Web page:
Early on a drizzly Tuesday morning, Boston residents filtered in and out of the Dunkin’ Donuts in Kenmore Square with their hoods up and coffee in hand. Some just popped in to grab their morning dark roast, while others took a seat inside to catch up with friends and enjoy that freshly-brewed coffee scent.
Nicole Miller, a 38-year-old Brighton resident, was among those quickly dipping in to pick up a coffee, something she said she does frequently.
“I’m loyal to Dunkin’ Donuts,” Miller said. “I like it better than Starbucks. Starbucks to me tastes like it’s burned or something.”
Not far away in City Hall, another Dunkin’ location was taking on the morning bustle as well. The same sleepy-eyed residents, pink-frosted donuts and sweet caramel syrup scent filled the room. Only here, there is no Dunkin’ Donuts to speak of.
The sign outside reads only, “Dunkin’.”
Before the end of the year, 29 more of Boston’s beloved Dunkin’ Donuts locations will undergo the same transformation: dropping the “donuts” in favor of the company’s “next generation design concept.” The plan was announced Aug. 21, with City Hall’s Dunkin’ as Boston’s first renovated location.
Miller, who said she really only comes to Dunkin’ for the coffee, hopes they won’t change too much about her favorite coffee spot.
But David Hoffmann, Dunkin’ Brands CEO and President of Dunkin’ Donuts U.S., said that a commitment to modernization was vital to the brand.
“I am incredibly proud of the commitment being made by our franchisees to transform 30 Dunkin’ locations in Boston to our next generation store design,” Hoffman said in the press release. “There’s no city where our brand heritage is stronger than Boston.”
That’s why it’s fitting, Hoffman said in the release, to choose Boston as the city to raise the bar on “convenience, personalized service and technologies, and of course great coffee served fast.”
According to a Dunkin’ press release, the remodeled locations will be brighter, featuring more natural light and lighter-colored materials. Also, instead of having donuts and pastries sit behind the counter, renovated locations will bring in a front counter bakery case to bring the baked goods closer to the guest.
All cold beverages will also be on tap, which Dunkin’ says will allow “crew members to act as bartenders serving guests refreshing options,” including a new Nitro-infused Cold Brew Coffee, according to the release.
And for those on the go, a new mobile order pick-up station will allow customers to order their coffee on their phone and pick it up in-store without having to wait in line. Additionally, a digital order tracker will allow customers to monitor the status of their orders in real time, according to the release.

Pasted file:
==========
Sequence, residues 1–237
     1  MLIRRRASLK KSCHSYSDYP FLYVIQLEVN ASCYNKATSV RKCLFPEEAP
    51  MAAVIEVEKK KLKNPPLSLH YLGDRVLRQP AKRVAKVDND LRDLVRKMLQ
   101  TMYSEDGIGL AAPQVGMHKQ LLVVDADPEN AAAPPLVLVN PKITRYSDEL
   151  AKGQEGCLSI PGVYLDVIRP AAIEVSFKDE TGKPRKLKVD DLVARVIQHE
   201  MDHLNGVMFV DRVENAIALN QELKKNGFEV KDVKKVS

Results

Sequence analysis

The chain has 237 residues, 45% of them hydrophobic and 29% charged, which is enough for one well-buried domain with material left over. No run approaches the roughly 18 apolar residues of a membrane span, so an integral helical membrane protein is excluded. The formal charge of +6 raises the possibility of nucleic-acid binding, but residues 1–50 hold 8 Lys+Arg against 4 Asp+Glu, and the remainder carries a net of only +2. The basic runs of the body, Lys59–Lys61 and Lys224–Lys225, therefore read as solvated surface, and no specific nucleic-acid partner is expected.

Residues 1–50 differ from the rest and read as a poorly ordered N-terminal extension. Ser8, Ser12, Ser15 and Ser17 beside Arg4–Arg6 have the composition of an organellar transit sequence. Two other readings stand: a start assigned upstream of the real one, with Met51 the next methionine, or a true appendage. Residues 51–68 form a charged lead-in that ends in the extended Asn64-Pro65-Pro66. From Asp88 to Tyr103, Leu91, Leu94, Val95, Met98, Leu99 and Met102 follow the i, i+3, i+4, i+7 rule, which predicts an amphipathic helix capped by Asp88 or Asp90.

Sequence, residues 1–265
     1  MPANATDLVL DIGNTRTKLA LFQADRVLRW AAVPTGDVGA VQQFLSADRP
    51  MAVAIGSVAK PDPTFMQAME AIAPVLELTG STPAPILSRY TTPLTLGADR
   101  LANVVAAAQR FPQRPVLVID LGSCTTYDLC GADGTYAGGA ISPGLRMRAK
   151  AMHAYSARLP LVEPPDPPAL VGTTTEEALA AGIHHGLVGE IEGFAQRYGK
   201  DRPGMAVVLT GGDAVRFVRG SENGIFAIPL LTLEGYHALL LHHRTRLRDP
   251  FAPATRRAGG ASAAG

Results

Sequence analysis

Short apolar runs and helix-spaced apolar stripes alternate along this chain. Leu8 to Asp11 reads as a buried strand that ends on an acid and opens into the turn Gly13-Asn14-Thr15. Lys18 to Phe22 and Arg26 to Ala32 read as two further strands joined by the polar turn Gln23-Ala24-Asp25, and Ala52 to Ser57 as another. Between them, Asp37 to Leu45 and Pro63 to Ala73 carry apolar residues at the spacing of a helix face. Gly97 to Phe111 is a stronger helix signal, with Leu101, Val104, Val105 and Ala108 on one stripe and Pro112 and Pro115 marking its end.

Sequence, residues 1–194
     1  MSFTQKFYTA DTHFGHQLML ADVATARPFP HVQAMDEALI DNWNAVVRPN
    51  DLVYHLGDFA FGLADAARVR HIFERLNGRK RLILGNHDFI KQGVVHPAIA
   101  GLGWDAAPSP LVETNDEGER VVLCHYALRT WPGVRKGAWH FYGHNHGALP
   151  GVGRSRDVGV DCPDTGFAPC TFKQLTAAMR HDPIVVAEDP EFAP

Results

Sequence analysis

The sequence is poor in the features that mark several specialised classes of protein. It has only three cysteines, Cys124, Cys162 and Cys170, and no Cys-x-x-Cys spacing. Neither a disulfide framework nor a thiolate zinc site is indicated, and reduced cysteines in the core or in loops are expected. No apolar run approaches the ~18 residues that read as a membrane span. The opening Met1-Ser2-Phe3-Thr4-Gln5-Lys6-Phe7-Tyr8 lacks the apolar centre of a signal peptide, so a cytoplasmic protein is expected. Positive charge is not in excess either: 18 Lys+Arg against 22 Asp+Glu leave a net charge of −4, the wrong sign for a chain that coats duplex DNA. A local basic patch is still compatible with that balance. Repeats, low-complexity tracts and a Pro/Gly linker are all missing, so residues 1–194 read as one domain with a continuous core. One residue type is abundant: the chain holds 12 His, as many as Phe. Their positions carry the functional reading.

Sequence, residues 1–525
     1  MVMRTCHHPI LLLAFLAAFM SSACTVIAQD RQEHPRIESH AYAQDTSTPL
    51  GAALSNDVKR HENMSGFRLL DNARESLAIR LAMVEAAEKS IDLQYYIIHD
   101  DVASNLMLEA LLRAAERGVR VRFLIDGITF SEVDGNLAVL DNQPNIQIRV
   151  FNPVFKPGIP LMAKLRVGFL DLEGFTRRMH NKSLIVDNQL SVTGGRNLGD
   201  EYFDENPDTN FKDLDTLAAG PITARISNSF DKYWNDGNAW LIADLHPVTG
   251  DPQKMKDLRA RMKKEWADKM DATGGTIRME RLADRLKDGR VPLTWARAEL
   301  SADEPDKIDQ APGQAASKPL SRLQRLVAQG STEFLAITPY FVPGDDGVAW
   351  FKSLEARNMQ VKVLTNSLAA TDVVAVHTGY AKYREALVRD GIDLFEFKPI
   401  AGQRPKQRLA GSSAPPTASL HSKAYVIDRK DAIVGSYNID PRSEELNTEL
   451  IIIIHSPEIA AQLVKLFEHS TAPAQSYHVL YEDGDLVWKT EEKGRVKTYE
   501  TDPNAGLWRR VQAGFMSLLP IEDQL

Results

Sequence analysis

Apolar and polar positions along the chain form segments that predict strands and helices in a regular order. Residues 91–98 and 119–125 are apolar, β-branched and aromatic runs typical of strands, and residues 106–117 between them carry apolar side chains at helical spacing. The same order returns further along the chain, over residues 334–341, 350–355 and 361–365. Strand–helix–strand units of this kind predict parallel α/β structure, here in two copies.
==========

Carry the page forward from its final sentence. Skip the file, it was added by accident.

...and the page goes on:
Making coffee runs easier for on-the-go customers was a top priority for the remodeling, said Clayton Turnbull, founder and CEO of The Waldwin Group, an independently owned and operated franchisee of Dunkin’ Donuts.
“Our next generation restaurants, specifically designed for busy customers on the go and a great option when they need to stop and take a break from it all, will keep Bostonians running on Dunkin’ now and long into the future,” Turnbull stated in the release.
But, like Miller, some Bostonians expressed some resistance to the possible changes to come.
Milton Borrero, 57, of Hyde Park, said he didn’t see a need for the makeovers.
“As long as I get the same coffee,” Borrero said, “I don’t mind.”
Some regular customers, including Ciaran McDonough, a sophomore at Emerson College, said they had stronger feelings.
“I saw it happen down on Boylston,” McDonough said. “They had the Dunkin’ and I was like, ‘Well where’s the Dunkin’ Donuts?’ Dunkin’ Donuts is an institution. I’m a true Bostoner, alright?”
McDonough said the name change is “completely stupid.”
“Put that Donuts back on there,” he said. “I want my double d’s. Give me Dunkin’ Donuts back.”
As the 30 Boston Dunkin’ locations undergo their renovations this fall, the company announced that $1 from every beverage sold on re-opening day at each location will be donated to The Greater Boston Food Bank, according to the release. To jump-start the project, The Joy in Childhood Foundation, which is supported by Dunkin’ Donuts, presented GBFB with a grant for $100,000 over three years at the grand opening of the remodeled City Hall Dunkin’.
Jessica Crimmins, senior director of marketing, communications and public affairs at The Greater Boston Food Bank, said she was happy to be partnering with a brand like Dunkin’ that is “both a local and a national brand.”
“It’s a very strong partnership,” Crimmins said. “They see how we’re fighting hunger in so many cities across eastern Mass., which their footprint is very penetrated in. A lot of these stores are owned by franchisees, and all those franchisees are also giving their support and using their leadership to say, ‘We want this money going to The Greater Boston Food Bank’.”
With the remaining renovations set to be completed by the year’s end, residents can expect to see some changes very soon to their local Dunkin’, whether they like it or not.